August 29-September 21
This story was featured in the August 2013 issue of Southwest Art magazine. Order the Southwest Art August 2013 print issue, or get the Southwest Art August 2013 digital download now…Or better yet, just subscribe to Southwest Art and never miss a story!
The scenic Willamette Valley provided the subject matter for a landscape show at Art Elements Gallery this month. The show opens with an artists’ reception on August 29 from 5 to 7 p.m. It features about 25 new works by four plein-air painters: Michael Orwick, Brenda Boylan, Romona Youngquist, and Don Bishop. Once a month during spring and summer, this cadre of artists and friends packs up their easels, umbrellas, and picnic lunches to experience the area’s natural wonders together. “Painting outdoors is the best way to learn and grow as an artist,” Orwick says. “The constant change of light, wind, and color challenges you to grasp a moment in an ever-changing environment.”
YOUNGBERG VINEYARD, one of Orwick’s paintings in the show, was inspired by his favorite time of year, grape-harvesting season in the wine country. It’s a time when the leaves suddenly turn bright yellow and then fall to the ground, Orwick says. The painter describes his style of work as “inspired expressionism.” He paints both far from home and nearby, in places such as freshly cut hayfields or a lake frequented by ducks, geese, and herons.
Bishop’s tonal style often calls to mind works by the early California Impressionists. When painting on location, he is drawn to quiet, meditative scenes that a viewer can get lost in—“windows to peace and calm,” he calls them. QUIET TIME, one of Bishop’s paintings in the show, was inspired by that kind of spot. “The whole scene was very still, and I was drawn to the soft tonal color relationships I was seeing,” he says. “I used a limited palette on this piece, keeping the whole painting fairly tonal. This approach helped give the painting the nice mood and atmosphere I was looking for.”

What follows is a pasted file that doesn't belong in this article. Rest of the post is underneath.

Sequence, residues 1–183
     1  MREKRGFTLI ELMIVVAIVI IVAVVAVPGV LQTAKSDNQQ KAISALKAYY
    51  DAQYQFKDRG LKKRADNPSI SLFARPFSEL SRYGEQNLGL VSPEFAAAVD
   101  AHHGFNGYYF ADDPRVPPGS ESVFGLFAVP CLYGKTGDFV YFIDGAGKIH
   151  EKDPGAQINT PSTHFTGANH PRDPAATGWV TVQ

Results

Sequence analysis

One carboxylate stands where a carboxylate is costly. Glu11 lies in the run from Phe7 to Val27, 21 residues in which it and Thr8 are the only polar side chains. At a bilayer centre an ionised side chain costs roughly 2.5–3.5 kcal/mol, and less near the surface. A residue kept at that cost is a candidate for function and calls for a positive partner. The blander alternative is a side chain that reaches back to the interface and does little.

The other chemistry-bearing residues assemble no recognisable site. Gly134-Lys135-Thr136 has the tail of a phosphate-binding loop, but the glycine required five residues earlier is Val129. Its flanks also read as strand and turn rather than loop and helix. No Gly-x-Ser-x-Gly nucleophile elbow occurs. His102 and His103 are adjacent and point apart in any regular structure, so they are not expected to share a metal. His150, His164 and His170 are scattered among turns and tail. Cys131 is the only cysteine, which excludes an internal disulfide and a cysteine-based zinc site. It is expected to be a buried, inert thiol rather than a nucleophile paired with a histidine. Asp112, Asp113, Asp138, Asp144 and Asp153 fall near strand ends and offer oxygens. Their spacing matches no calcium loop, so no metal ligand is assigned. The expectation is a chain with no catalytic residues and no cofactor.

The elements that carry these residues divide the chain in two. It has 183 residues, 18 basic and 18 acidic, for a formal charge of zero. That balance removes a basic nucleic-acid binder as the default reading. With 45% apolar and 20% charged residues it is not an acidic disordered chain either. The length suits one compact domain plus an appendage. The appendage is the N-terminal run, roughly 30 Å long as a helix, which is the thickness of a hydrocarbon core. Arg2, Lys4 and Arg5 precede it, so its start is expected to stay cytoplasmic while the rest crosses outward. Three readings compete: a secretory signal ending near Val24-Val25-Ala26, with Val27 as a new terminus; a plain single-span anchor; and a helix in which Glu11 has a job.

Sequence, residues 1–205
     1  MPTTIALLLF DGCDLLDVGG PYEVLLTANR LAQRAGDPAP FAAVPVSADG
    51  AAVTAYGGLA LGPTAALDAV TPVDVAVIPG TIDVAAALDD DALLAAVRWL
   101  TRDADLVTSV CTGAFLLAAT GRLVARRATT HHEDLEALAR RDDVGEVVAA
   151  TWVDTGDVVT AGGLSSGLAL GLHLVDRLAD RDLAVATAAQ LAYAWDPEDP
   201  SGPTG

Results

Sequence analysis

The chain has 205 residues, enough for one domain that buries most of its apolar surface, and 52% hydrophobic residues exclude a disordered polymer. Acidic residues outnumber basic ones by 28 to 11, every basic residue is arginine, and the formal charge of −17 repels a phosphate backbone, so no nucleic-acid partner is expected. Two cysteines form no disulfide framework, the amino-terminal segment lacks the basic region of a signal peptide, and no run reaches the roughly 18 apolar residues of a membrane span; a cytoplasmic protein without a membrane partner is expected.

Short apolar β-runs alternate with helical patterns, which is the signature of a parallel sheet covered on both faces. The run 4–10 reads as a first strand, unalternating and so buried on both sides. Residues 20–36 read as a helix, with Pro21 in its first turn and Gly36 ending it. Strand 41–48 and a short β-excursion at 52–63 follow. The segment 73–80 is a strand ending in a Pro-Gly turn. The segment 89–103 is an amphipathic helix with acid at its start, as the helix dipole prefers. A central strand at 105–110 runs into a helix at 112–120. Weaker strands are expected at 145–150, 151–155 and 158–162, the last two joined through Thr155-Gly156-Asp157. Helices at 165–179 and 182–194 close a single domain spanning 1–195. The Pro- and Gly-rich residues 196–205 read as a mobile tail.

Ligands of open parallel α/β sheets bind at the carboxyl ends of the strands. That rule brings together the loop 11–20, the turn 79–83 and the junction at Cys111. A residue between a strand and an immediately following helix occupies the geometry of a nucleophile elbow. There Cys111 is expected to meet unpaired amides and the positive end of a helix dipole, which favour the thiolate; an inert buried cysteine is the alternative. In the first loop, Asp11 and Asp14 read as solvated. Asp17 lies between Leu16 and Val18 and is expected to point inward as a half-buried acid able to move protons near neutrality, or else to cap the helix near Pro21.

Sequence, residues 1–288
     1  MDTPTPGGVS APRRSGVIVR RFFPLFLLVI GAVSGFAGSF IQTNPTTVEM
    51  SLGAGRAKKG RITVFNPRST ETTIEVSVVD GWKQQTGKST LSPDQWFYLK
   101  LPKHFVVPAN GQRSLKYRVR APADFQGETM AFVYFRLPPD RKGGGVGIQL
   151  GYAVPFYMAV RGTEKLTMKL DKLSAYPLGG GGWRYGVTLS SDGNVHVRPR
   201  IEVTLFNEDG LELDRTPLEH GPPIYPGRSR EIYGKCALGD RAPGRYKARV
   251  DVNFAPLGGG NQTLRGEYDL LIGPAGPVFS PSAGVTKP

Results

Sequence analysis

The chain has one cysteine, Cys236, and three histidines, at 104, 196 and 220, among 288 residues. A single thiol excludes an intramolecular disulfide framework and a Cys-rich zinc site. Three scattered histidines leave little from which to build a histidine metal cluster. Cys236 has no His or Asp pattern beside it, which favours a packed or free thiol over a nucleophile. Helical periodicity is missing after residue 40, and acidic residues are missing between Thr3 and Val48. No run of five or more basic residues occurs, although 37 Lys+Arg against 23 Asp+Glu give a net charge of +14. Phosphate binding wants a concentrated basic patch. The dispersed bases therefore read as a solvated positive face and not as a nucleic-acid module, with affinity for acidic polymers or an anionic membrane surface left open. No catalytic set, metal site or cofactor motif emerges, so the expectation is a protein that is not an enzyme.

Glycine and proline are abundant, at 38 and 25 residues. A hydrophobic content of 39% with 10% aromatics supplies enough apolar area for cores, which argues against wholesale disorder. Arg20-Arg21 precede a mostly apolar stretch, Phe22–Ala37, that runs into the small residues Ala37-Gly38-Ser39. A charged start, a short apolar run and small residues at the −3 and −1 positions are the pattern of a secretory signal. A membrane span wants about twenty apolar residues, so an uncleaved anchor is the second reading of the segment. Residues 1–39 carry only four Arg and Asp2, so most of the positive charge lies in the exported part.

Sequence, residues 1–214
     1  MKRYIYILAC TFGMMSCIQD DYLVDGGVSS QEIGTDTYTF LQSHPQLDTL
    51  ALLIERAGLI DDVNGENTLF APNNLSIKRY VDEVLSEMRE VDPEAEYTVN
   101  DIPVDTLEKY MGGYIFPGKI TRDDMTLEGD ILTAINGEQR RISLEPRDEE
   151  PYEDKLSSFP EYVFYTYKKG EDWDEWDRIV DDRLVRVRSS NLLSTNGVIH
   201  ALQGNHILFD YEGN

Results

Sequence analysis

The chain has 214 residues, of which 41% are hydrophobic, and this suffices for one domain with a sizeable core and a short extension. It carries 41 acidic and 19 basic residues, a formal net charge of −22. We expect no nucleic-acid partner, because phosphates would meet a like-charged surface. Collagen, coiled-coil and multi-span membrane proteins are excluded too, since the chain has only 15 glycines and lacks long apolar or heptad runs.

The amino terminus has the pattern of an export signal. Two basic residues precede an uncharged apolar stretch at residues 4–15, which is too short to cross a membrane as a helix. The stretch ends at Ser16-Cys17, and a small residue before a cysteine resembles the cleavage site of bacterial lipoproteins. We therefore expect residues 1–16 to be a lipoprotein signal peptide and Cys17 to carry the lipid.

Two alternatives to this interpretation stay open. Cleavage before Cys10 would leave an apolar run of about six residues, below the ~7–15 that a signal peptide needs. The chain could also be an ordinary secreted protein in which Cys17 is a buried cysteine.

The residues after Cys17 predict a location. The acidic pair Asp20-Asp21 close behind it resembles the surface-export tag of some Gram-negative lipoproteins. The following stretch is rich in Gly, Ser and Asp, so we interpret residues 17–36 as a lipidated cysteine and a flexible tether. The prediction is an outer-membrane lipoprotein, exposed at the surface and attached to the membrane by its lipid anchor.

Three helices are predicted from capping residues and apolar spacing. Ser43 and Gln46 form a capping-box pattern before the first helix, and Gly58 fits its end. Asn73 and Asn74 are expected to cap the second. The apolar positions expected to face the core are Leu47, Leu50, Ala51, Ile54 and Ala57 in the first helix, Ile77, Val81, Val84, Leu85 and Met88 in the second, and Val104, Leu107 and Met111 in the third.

An Oregon native, Boylan is known for her pastel works; in this show, however, she offers a selection of oil paintings such as DAHLIA REPOSE, a work that captures a farm in late August just before dahlia harvesting. “The color variations of these flowers and their sizes were immense and overwhelming, some measuring the size of a small watermelon,” Boylan says. “Not one flower was better than the other, so I searched for a grand span of the field to paint. I decided on the farmhouse and telephone pole, which had the best lighting and glow in the morning hours.”
Youngquist, who grew up under the vast and thunderous skies of Oklahoma but now calls Oregon home, enjoys depicting the weathered architecture, flowers, fields, and back roads of the region. The scene in her painting RIBBON RIDGE FARM is one she came across on a Sunday drive in her Mini Cooper. “There are so many back roads in my area that I just love to get lost and see what I find,” Youngquist says. “On this trip I discovered some old homesteads and farms on one of these roads. I’m intrigued with side views and odd angles when the light hits a building just right.” —Bonnie Gangelhoff
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